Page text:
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Nov-20-2013 13:24TweetFollow @OregonNews
The Rapporteur's Reprise...
Bill Annett Salem-News.com
(DAYTONA BEACH) - Coursing through the trackless wastes between Toronto and Winnipeg, our intrepid reporter Rap (short for "rapporteur," just to add a touch of class), taking a leaf from Stephen Colbert (Col-bear) and his Report (pronouced Re-poor), checked in recently. In fact the paper trail of his expense account items continued, meandering across Michigan, Ohio and Pennsylvania, notably hovering in Camden, N.J. with an item for $139.50 datelined Moe's Jazz Society. But no matter. He's now in Atlantic city and has updated us with a full report.
Malheureusement, Rap has recently uncovered a breaking news item that threatens to derail the whole fracking/pipeline controversy. Until now, the main body of criticism surrounding the shale fracturing program, i.e. the stock in trade of the tree-hugging lefties, has been the desecration of our aquifers and the use of enormous volumes of that old standby fresh drinking water.
Now a nimble Canadian company with the whimsical name of GasFrac, (which sounds suspiciously like the flatulence attributed to cows, and the resulting toxic levels of released methane gas) has come up with the ultimate solution to the problem: no longer is water necessary in shale oil extraction!
Instead, it's now possible to insert a gelatinous liquid petroleum compound into the shale rock formations containing the abundant hydrocarbon deposits that promise to render us free of Middle Eastern petroleum dependency, and as a result allow us to scrap about 50% of our military budget. Isn't that groovy? The gel apparently evaporates under ground, obviating the risk of contamination.
"Energy companies save money," gloats Time Magazine (November 25), with a vast sigh of editorial relief at not having to take either side in the controversy, which might threaten ad revenue. Hey, how many anti-corporate sissies like Robert Redford take out those he-man double-page color spreads like BP's recent educational series: "We're committed to the Gulf?"
Not so fast, Rap cautions us in his most recent dispatch. A certain segment of the industry remains dubious over this recent simplistic innovation. First of all, says an Exxon stockholder relations pamphlet, the gelatinous compound is very expensive and cost-prohibitive, compared with plain old Canadian water that can be grabbed for nothing.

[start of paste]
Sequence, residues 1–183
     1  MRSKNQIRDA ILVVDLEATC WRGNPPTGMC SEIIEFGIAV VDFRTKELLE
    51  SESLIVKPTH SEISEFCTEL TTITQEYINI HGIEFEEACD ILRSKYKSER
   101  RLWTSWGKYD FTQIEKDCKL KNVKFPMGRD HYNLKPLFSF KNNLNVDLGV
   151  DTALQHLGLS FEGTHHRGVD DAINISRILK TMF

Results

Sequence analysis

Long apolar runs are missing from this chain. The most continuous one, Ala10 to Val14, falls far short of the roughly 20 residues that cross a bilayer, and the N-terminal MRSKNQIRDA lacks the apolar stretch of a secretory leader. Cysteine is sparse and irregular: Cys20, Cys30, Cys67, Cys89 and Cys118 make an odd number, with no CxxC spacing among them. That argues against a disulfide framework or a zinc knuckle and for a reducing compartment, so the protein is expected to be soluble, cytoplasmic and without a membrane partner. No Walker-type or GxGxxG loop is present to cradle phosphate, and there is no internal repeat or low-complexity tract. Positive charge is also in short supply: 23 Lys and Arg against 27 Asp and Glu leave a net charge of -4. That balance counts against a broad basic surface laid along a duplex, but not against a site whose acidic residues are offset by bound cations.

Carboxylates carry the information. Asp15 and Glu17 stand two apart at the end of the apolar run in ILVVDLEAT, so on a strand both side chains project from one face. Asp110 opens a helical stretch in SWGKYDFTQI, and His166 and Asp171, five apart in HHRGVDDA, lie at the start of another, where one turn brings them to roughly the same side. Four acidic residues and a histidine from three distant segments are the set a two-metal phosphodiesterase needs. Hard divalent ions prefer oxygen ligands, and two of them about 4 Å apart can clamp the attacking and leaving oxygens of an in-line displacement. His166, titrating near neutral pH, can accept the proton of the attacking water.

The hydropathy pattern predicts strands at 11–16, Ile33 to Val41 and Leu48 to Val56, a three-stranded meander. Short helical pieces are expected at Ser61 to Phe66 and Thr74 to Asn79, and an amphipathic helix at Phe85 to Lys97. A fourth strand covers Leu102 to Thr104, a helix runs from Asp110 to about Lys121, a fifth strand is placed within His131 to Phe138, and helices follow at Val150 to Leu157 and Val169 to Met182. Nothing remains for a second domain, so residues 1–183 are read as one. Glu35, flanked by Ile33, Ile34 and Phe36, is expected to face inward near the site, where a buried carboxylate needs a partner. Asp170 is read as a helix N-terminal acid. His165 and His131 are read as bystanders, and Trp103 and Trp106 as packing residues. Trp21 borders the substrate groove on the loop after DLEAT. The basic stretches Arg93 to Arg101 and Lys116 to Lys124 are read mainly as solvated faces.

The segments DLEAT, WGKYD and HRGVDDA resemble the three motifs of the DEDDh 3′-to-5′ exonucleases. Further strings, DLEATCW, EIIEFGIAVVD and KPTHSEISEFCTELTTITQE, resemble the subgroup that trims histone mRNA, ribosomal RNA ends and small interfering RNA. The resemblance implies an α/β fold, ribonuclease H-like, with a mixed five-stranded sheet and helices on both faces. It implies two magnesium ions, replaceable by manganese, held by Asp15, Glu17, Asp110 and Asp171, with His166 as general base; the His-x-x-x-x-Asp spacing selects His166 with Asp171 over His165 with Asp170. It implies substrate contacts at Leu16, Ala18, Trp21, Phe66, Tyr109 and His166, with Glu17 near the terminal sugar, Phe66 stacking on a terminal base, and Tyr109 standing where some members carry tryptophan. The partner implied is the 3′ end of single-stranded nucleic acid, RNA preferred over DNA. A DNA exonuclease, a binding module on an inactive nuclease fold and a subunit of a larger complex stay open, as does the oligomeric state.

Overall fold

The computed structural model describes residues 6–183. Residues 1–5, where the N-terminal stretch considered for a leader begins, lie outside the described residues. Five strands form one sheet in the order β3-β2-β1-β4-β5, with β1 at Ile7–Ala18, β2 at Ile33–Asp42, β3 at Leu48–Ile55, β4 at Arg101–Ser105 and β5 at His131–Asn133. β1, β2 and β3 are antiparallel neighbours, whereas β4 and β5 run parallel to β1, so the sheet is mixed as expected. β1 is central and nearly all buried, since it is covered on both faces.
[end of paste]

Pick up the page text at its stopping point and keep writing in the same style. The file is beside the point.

Meanwhile, another sub-industry just a-borning could be clobbered in its infancy. As reported in our earlier release, Halliburton, flushed with the news that its CEO Dave Lesar had quaffed a shot-glass full of fracking water and lived, and the subsequent tech breakthrough of orange-flavored fracking water, had already engaged an entire scientific team to produce a potable orange-flavored beverage that promised to render that abundant Canadian water obsolete.
Moreover, the corporate gears had already meshed exceeding fast, with the roll-out of a bottling plant in Nebraska - right in Warren Buffett's back yard. Why is that significant? Because of course the Wizard of Omaha through his company Berkshire Hathaway, is the largest single stockholder in Cocoa-Cola and had already leaked the news that he might be interested in a leveraged buy-out.
Meanwhile, The Oil House That Cheney Built was already launching marketing surveys for its two new frackwater products, a Coke knock-off known as Halli-Cola, and a lighter effervescent variety called Shale-Up. Consideration had even been given to developing an 80-proof corn product called Blue Grass Bourbon, although this entry was not likely to win favor with the former Veep's staid Wyoming constituents. In any event, with all of these innovations on the front burner, Halliburton and its instant imitators were not about to abandon the new fracked water industry.